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I am trying to implement multiple pipes in C, the solution should be both for:

cmd1 | cmd2 | cmd3

and for:

        |--- cmd2

cmd1    |--- cmd3

        |--- cmd4
#include <stdio.h>
#include <stdlib.h>
#include <unistd.h>
#include <errno.h>
#include <string.h>
#include <signal.h>

int main(int argc, char *argv[]) {

char* args1[] = { "ls", NULL, NULL };
char* args2[] = { "ls", "-l", NULL };
char* args3[] = { "sort", NULL, NULL };
char* args4[] = { "wc", "-l", NULL };

int rc1 = execute_cmd(args1, 0);
//printf("rc1 = %d\n", rc1);

int rc2 = execute_cmd(args2, rc1);
//printf("rc2 = %d\n", rc2);

int rc3 = execute_cmd(args3, rc1);
//printf("rc3 = %d\n", rc3);

int rc4 = execute_cmd(args4, rc1);
//printf("rc4 = %d\n", rc4);

int buffer[1024];
int len = 0;

if (rc2) {
    while ((len = read(rc2, buffer, sizeof(buffer))) > 0) {
        write(STDERR_FILENO, "rc2\n", 4);
        write(STDERR_FILENO, &buffer, len);
} else {
    printf(stderr, "ERROR\n");

if (rc3) {
    while ((len = read(rc3, buffer, sizeof(buffer))) > 0) {
        write(STDERR_FILENO, "rc3\n", 4);
        write(STDERR_FILENO, &buffer, len);
} else {
    printf(stderr, "ERROR\n");

if (rc4) {
    while ((len = read(rc4, buffer, sizeof(buffer))) > 0) {
        write(STDERR_FILENO, "rc4\n", 4);
        write(STDERR_FILENO, &buffer, len);
} else {
    printf(stderr, "ERROR\n");

return 0;

int execute_cmd(char** args, int fd_in) {

int pipefd[2];

if (fork() == 0) {

    dup2(pipefd[1], STDOUT_FILENO);
    dup2(pipefd[1], STDERR_FILENO);


    if (fd_in) {
        dup2(fd_in, 0);

    execvp(*args, args);
    printf("failed to execute %s %s", *args, *args[0]);
} else {

    return pipefd[0];


The output of the program is not deterministic, once I see the right result, and once I saw different result. Looks like dup2 not function as I expected, if I dup2 multiple times and for each file descriptor read from the result file descriptor - it's look like it's influence on the copied file descriptor?

If it's work like I mention by design, which system call I need to use for both?

share|improve this question
It's not actually a C question, but a Unix one. – Henning Makholm Aug 7 '11 at 5:53

Yes, dup and dup2 create completely equivalent handles to the same pipe. If several processes (or threads) simultaneously attempt to read from the pipe using duplicated/forked descriptors, a "random" of them will get to the data first, but each byte written to the pipe only gets delivered once.

If you want to copy data to multiple different readers, you have to program that explicitly -- fork a subprocess (or spawn a thread) to read some data from one incoming pipe, then write it to all of the outgoing ones, and continue in a loop until you reach EOF.

share|improve this answer

Having multiple handles/references to the same pipe will cause a lot of problems with synchronisation, etc.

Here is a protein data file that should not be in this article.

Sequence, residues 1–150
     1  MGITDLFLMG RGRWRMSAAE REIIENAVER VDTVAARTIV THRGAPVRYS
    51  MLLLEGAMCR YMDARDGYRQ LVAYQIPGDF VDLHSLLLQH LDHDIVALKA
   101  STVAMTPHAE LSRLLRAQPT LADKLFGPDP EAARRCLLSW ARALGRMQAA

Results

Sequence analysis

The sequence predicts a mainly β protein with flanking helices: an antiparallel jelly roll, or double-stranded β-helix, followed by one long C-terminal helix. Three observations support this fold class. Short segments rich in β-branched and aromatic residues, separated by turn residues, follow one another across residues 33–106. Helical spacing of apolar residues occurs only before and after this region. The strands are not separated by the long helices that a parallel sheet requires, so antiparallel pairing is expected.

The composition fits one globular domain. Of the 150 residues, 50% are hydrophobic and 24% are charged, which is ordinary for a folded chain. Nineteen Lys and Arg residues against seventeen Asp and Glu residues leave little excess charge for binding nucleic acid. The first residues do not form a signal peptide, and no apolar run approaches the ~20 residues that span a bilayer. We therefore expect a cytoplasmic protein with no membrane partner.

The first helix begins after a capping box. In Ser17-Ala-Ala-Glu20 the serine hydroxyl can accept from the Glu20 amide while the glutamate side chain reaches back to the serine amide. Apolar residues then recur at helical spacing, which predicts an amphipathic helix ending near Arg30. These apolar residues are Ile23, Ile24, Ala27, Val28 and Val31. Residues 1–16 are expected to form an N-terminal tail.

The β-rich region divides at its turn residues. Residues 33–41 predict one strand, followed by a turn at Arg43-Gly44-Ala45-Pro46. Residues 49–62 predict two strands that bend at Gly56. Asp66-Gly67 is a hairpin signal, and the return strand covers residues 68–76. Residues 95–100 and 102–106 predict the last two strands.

For example, if there's 2 child processes where one sends " Hello\n" then " World\n" and the other sends " Foo\n" then " Bar\n"; then you could end up with " Hello\n World\n Foo\n Bar\n" or " Hello\n Foo\n World\n Bar" or " Foo\n Hello\n Bar\n World", etc. The output ends up unordered (which would be extremely confusing).

The solution is to use different pipes.

Basically, when the main program forks it should create new pipe/s that will become the child process' STDOUT and STDERR. Then the main program will need to read from its end of all the new pipes and (potentially) buffer the information, so that the main process can send the data from children to its own STDOUT/STDERR in a specific order - e.g. all of the first child's output, then all of the second child's output, then all of the next child's output, etc.

The main program could also add extra information and do some formatting to make it clearer what is happening. For the example above, you could end up with:

Process A (exit status = 0, OK):
Process B (exit status = 1, Failed):

Rather than just:


For input (STDIN) I've got no idea how you want it to work. If none of the child processes need STDIN (the easiest and most likely case) then you can ignore it. If each child process needs to get their own copy of the main process' STDIN then you'd need to create new pipes for each child to use as its STDIN.

The other alternative is to have a "currently selected child", which can become a lot more complex (especially if there's an end-user who needs to be able to see the output of the selected child, as that'd mean implementing some way of switching between "currently being displayed" children - e.g. when the user selects a different child, clear the screen and display that child's backlog).

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